In writing, rhetorical techniques are commonly used to convey a meaning to the reader with the intention of persuading him or her to consider the subject under consideration from a different viewpoint. In the article, “Innovative Minds Don’t Think Alike,” the writer, Janet Rae-Dupree has successfully employed these devices to convey her unique message to her readers. She aims to convince her readers that as people become more knowledgeable and experienced, their creativity and ability to come up with new things tend to weaken.
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After introducing her essay, Janet gives anecdotal evidence in which she narrates the results of an experiment done by a psychologist known as Elizabeth Newton. This technique immediately makes the article to appear formal and non-biased. The anecdote assists to illustrate her position as well as capture the attention of the readers.
Shortly, after capturing the attention of her readers, Janet then adopts the use of argumentation with the intention of convincing her readers through reasoning to accept her perspective about the “curse of knowledge” (Rae-Dupree, para. 2). To achieve this, she quotes various renowned writers and the experience of various people. Towards the conclusion of the essay, Janet uses lines of dialogue to bring life to the essay and make the readers to reflect more on the main idea of the article.
Knowing the information that Janet is passing across is important because it helps in developing ways of getting rid of the tendency of people to loose innovative skills once their knowledge and experience increases. In addition, the article makes the readers to guard against ideologies that can make them taper off with their creativity.
Assessment of “You’re Bored, but Your Brain Is Tuned In” by Benedict Carey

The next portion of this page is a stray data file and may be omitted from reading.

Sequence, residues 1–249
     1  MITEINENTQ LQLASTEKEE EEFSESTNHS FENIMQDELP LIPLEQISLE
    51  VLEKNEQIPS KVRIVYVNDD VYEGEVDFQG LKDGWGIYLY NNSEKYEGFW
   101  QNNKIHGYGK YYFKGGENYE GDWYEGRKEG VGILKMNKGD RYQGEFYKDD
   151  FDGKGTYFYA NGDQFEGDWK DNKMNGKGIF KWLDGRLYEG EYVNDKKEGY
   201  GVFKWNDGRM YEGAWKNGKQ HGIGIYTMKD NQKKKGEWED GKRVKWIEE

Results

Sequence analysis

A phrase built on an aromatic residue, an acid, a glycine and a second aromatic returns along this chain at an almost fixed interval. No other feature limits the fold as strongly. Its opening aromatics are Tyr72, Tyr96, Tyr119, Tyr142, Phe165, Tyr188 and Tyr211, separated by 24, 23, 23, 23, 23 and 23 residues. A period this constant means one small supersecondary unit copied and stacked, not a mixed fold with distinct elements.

Benedict Carey’s article “You’re Bored, but Your Brain Is Tuned In” addresses the issue of boredom and its influence in the lives of people. To convey his views about this issue, Benedict uses a number of rhetorical techniques. To begin with, he uses antithesis as an interesting and convenient tool for reinforcing his views about the topic.
For example, researchers have concluded that boredom should “be recognized as a legitimate human emotion that can be central to learning and creativity” (Carey, para. 4). Benedict’s use of antithesis in this instance is aimed at provoking the thoughts of the readers so as to capture their interest in the essay. Perhaps, the essence of the issue at hand could have been overlooked if he did not use this interesting technique.
Second, the author uses contrast in several places in the article. For example, he says, “Yet boredom is more than a mere flagging of interest or a precursor to mischief” (Carey, para. 3). The use of contrast is intended to illustrate the common anti-boredom attitudes that people have, and in doing so, makes it obvious that boredom is also constructive in our daily lives.
Lastly, to support his point of view, Benedict uses facts and research findings that have been discovered by others on the issue. Knowing this kind of information is very important. This is because the author of the article goes contrary to the popular opinion that boredom is not beneficial by illustrating that it assists in the development of brain processes that can be both productive and creative to the individual.
Carey, Benedict. “Boredom may have a purpose.” Chicago Tribune, 2008. Web.
Rae-Dupree, Janet. “Innovative Minds Don’t Think Alike.” The New York Times, 2007. Web.